It is possible to buy a ticket with cash ( Kunas ) or credit card.
It is possible to make reservation or buy a ticket online.
Yes it is included.
Unfortunatley it is not allowed to swim in the park.
Walking thrue the park or boat ride is very nice. There are many places where you can stop and have a nice meal, drink or some other refreshment. There is also enough space to play some sports or simply enjoy a good book. It is also beautiful to make some photos while inside.
Pets are allowed in, but only on a leash so they can’t disturb or endanger other visitors.
Yes it is included.
Unfortunately, the tent, as well as other camping equipment, cannot be rented on site.
Yes, there is organized bus transport from Camp Korana and Camp Borje to the entrance to the National Park. Transportation is also organized to return from the National Park to the campsite. For more information on bus departure and arrival times, please contact the campsite reception.
Plitvice Lakes are, to say honestly, the most beautiful and most important Croatian national park, and also the most visited. Back in 2011, the Plitvice Lakes reached an annual number of visitors of over one million. People have been inhabiting the Plitvice Lakes area for thousands of years. There were: Illyrians, Thracians, Celts, Japods, Romans, Avars, Slavs and Turks. During the time of Julius Caesar, the Plitvice Lakes were part of the province of Illyria in the Roman Empire. Later, after the fall of the Romans, the Ostrogoths and the Avars immigrated. In the 7th century, Croats settled permanently in this area. There has been almost no peace in this region since time immemorial, and so Plitvice has changed countless owners over the centuries, so let’s start in sequence;
In the Middle Ages, attacks by the Mongols were common. The lakes were part of the medieval Croatian kingdoms, until Croatia entered a personal union with Hungary in 1102. The good management of the noble families of Zrinski and Frankopan led to economic recovery in the wider area. A monastery on the Plitvice Lakes was built on the remains of the ancient settlement of Japods and Romans. He probably belonged to the Peacocks or the Templars. Today, only the remains of the walls are left. In 1493, not far from the Plitvice Lakes, an important battle took place in Krbavsko Polje, in which Bosnian sandžak-beg Hadum Jakub-pasha defeated the Croatian feudal army. The Ottomans controlled the Plitvice Lakes area several times. From 1788 the Plitvice Lakes were under Habsburg rule and no longer fell into Turkish hands.
When the Ottoman threat weakened, the Military Frontier returned to civilian control of the Croatian Ban. In 1805, the area of Plitvice was under the rule of Napoleon, who founded the Illyrian Provinces. After 1814, the Plitvice Lakes area returned under Habsburg rule. Since 1850, only professional soldiers have served in the Military Frontier. It is also a time of national awakening in Croatia. In 1871, the famous Croatian politician Eugen Kvaternik was killed north of Plitvice Lakes in Rakovica. The area was part of the Banovina of Croatia in the Kingdom of Yugoslavia, and then part of the FR of Croatia within the SFRY. Today it is part of the Republic of Croatia.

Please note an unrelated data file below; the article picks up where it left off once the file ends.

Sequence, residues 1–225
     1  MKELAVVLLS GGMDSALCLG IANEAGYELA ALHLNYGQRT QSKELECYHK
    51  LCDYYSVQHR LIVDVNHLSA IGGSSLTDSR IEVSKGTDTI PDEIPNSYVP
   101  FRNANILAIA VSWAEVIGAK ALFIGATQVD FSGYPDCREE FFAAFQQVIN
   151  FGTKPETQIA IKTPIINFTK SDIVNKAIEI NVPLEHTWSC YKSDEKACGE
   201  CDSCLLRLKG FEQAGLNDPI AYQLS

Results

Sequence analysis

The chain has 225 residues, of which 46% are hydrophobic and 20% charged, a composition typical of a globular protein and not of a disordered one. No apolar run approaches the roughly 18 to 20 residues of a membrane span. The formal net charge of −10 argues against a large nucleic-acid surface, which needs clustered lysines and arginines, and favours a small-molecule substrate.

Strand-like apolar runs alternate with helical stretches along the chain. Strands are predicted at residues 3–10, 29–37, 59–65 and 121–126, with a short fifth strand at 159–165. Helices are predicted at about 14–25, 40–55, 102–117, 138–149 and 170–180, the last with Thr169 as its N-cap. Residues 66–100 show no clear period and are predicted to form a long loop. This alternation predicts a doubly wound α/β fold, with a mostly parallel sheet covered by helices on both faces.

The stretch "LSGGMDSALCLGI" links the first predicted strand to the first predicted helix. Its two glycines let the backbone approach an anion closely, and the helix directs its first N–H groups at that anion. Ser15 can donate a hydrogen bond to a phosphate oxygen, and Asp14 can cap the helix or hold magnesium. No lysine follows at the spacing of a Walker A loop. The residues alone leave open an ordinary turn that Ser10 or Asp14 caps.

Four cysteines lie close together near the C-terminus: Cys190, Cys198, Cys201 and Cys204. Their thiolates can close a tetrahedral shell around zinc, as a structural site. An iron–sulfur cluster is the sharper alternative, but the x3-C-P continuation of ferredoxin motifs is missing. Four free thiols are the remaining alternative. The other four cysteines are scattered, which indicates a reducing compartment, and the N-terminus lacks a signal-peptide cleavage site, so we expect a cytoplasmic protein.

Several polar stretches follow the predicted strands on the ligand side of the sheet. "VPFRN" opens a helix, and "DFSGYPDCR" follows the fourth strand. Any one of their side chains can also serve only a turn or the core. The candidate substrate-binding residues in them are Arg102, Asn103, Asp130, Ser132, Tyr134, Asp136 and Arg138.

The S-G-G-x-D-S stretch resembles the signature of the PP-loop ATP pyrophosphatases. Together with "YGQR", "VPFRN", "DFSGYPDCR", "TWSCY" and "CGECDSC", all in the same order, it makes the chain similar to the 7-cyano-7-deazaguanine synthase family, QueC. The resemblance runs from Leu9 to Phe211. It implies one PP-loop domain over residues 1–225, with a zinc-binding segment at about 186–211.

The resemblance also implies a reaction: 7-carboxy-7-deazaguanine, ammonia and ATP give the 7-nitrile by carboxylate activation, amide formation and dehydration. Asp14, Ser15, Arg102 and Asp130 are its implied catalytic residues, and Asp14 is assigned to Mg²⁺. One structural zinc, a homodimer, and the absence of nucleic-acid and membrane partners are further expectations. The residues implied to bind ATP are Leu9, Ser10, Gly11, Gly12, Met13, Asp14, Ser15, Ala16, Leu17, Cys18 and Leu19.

As for the park itself, it consists of 16 naturally occurring lakes of dolomitic and limestone origin, and since 2010 another two artificial lakes have been done by man made , so today we have a total of eighteen. The lakes are connected as a whole by watercourses and cascades, from the higher to the lower ones, and therefore we classify them into two groups, the Upper (Gornja) and Lower Lakes (Donja). Also the largest lake is called Kozjak and covers an area of 81 hectares, while the smallest lake is Big Burget, occupying only 0.1 hectare.
Also, the maximum depth measured in Plitvice is 45 meters. Plitvice Lakes was declared a national park on April 8, 1949 and is therefore, in addition to being the largest and most visited, Plitvice Lakes also the oldest Croatian national park. Due to its extraordinary, almost unreal beauty, which abounds in wildlife and human activity in the form of numerous wooden bridges and pathways that lead throughout the area, Plitvice was listed as a UNESCO World Heritage Site in 1979. as one of the first in the world.
As the park is located in the center of Croatia, it has been equally visited by all regions, Dalmatia, Istria, Slavonia, the Zagreb area and neighboring BiH as well as many other visitors from all over the world. Plitvice Lakes are open to visitors throughout the whole year and it is difficult to tell if they are more beautiful in the spring and summer when everything blooms (it is not allowed to swim in the lakes) and there is so much going on or in the fall and winter when the lakes abound with water and sometimes even a snow mantle makes it so peacefull and gentile and provides this place one a new, perhaps even nicer dimension. It is up to you to evaluate.
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